But, for us Canadians, gay, straight and otherwise, who decide to get married, there is also that matter of signing a legal contract. The contract has a lot of fine print which most people don’t read. Step two of this weddin’ planning business is learning what that contract says, and what parts of it we don’t like.

I hied me again to the library, to borrow a book about prenuptual agreements called What to Do before I Do. It was helpfully filed in the dysfunctional section of the little branch library out by the university, right between Surviving a Divorce and Alcoholism and You. Its all about American law (what we Canadians endure) but I think it should be a good start.

Contemplating prenups is about as much fun as taking out my own tonsils, but what’s going to be really awesome is coming up with the cash to hire TWO lawyers, which you need to make a prenup valid. That, in turn, is only going to be half as awesome as dealing with my parents on this whole issue. But I do think it has to be done.

In less fraught news, I learned last night that a good friend is a totally amazing baker and cake decorator. That takes care of sourcing a cake.

Advice on getting hitched from the internet

A friend’s blog post led me to the following very interesting discussions on the internets, on the very topic of yesterday’s ramblings:

What Are the Pros and Cons of Getting Married? from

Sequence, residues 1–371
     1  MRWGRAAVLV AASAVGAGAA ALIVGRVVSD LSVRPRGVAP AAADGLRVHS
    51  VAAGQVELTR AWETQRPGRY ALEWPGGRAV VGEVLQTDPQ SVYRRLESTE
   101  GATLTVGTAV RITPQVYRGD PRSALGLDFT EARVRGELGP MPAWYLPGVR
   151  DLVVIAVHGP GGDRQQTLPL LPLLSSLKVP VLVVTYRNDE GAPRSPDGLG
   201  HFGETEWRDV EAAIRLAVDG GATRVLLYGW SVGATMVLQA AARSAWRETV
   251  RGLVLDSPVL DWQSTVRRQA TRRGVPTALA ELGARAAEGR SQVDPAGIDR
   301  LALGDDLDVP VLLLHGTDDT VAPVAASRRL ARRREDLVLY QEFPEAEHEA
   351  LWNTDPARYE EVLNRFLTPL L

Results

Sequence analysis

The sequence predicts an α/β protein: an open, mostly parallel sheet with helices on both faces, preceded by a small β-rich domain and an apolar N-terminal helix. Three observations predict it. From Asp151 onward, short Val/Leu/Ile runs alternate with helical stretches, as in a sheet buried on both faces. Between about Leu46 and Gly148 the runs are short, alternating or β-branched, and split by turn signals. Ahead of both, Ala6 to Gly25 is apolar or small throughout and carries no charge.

The 100-odd pages of comments (!) tell me that a lot of women are staring down this question, and make a lot of good points. In the States, it seems that government incentives heavily favour married folks (and vigourously discriminate against gay couples). These comments also led me to the Offbeat Bride website, which is a little too rabidly fond of weddings for my comfort, but does have a thoughtful essay about what it means to skip the traditional expectations for a wedding and design your own ceremony instead:

Is Having an Offbeat Wedding Any Different Than Having a Traditional Wedding?

 I’m not quite clear how much of my reluctance to just set a date and go for it results from my ambivalence towards the whole Western cultural institutions of weddings and marriage. Wearing white (woman’s virginity being integral to the transaction). Being given away (woman as property). Engagement rings (for women only). Vowing to obey (I know, this isn’t common anymore, but I grew up around seriously conservative religious relatives, and women vow to obey). The groom asking the bride’s father for permission to marry her (see above, with the crazy conservative family.)

My family might be a special case, but the cultural idea that a wedding is the culmination of a young woman’s life is still alive and well in mainstream North American culture, along with accompanying assumption is that marriage the end of a woman’s autonomous identity.

I hate the idea of taking my husband’s name with a fervour that I know perfectly well is unreasonable (what, my own last name isn’t patriarchal?) but that doesn’t stop me from arching my back and spitting. Partnership should affect our identities equally. Z did refuse my suggestion of taking a new, combined last name together. I can’t really blame him – I don’t love the idea of changing my name, so why should he?  I am fine with us having separate names, and kind of like the implication that our personal identities as presented publically wouldn’t change with marriage. We will cross the bridge of what to name our child/ren when the time comes. Poor kid/s. I will probably settle for something like my last name as middle name, which is what my mother did for me.

As we understand the laws of our province, we can each legally use whichever last name we want once we are married.  That is, assuming I arise from this apathy and ambivalence, and commit to a weddin’ date.